13 Mar The Subtle Art of Transitioning a Business
The Training and Transition phase can be vital for helping a business buyer get off on the right foot once they have closed on the purchase of a business. It’s one of the most immediate and important steps for setting them up for success, but it often comes as an afterthought for both the buyer and seller. Why? A business buyer doesn’t know what they don’t know, and a seller can be challenged to come up with a neat, tidy to-do list. After all, they have been so immersed in running their business that it has become second nature to them. When no two days are ever quite the same, even a neat outline of daily and weekly tasks rarely conveys all the subtleties a new owner will need to master.
The Training and Transition Phase is a fundamental and expected part of the business acquisition structure and specifies how long a business seller will stay after the sale is complete the buyer training. It’s part of the deal and included in the purchase price.
While four weeks of onsite training is the standard, it can vary by the nature of the business or the buyer’s relevant experience. In some instances, the buyer may have ongoing needs of support from the buyer, but after the formal Training and Transition Phase is over, the Seller is typically paid a consulting fee.
Rose Hollister and Michael D. Watkins recent piece in the Harvard Business Review entitled How to Onboard Your New Boss provides a useful paradigm to approach the transition phase. Focusing on how employees can help a new leader at their company quickly and effectively come up to speed, its lessons can easily be adapted to the hand-off of a small business.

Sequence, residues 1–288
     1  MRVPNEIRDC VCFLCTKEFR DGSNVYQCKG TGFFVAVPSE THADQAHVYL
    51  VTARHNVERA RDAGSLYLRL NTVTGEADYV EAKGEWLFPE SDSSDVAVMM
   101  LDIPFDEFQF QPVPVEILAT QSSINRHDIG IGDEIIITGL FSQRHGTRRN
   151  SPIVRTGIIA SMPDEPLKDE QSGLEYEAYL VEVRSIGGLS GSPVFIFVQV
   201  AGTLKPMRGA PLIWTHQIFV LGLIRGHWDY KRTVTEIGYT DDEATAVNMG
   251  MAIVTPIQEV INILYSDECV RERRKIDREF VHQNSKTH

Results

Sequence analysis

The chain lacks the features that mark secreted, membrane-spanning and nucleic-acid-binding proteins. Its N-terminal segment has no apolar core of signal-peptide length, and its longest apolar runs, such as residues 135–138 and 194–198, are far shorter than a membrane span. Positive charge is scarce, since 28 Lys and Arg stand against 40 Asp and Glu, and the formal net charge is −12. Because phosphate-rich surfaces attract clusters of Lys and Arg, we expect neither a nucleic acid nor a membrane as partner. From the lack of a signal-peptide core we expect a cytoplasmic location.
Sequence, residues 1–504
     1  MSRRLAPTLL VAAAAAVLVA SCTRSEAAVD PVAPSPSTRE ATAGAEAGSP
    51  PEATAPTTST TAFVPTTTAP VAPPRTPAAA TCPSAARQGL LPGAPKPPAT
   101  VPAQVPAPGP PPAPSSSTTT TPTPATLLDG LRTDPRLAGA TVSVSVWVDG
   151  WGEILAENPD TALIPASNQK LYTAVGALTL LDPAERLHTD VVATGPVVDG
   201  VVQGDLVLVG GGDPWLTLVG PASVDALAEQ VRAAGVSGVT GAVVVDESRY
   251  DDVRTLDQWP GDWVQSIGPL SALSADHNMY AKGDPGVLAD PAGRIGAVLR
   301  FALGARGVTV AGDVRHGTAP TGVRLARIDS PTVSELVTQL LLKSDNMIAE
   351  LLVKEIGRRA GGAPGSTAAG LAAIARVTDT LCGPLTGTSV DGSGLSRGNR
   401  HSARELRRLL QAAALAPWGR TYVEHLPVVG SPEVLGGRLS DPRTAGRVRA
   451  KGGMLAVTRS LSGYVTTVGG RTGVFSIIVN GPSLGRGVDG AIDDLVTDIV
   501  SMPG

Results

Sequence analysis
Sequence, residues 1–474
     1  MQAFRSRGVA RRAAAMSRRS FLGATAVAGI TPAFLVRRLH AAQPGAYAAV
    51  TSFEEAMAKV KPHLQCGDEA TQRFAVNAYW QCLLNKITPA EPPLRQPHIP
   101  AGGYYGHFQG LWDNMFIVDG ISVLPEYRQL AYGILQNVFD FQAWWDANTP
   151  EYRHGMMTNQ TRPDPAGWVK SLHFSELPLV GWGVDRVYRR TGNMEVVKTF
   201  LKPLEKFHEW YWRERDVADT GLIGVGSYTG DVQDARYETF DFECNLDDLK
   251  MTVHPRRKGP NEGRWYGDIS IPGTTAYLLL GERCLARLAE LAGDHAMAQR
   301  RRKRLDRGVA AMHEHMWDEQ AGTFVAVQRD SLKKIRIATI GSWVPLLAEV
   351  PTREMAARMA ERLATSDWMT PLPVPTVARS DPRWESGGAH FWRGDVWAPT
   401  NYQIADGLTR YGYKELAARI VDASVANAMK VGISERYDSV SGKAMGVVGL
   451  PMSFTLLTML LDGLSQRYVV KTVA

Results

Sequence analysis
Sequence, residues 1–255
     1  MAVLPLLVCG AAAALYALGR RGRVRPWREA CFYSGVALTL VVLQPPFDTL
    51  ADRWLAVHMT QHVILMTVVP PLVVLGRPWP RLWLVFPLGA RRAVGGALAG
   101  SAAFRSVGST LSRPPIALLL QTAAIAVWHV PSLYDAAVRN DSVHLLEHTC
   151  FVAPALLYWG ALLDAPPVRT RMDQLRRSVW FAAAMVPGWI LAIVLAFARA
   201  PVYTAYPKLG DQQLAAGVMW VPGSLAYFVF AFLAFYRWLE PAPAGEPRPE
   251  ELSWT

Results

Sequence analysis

Hollister and Watkins identify three fundamental types of learning that a new leader, whether in a large corporate environment or as the owner of a small business, will need to accelerate their learning curve and more quickly adapt to the business’s work culture. These include:
- Technical Learning is about understanding the customers, vendors, products, processes, procedures, technologies, and the business’s competitive landscape.
- Cultural Learning is about understanding the organization’s behavioral norms, unwritten rules, lingua franca, work culture (is it collaborative, hierarchical or?), and how it approaches getting things done.
- Political Learning is about understanding how decisions have traditionally been made, who are the stakeholders within the organization, who are the formal or informal power centers, what are the business’s current priorities and how has that evolved over recent years.
Hollister and Watkin’s have a useful list of questions that both a Business buyer and Business seller can use to help prepare for this important phase. To read more, visit their February 27, 2022 article at HBR.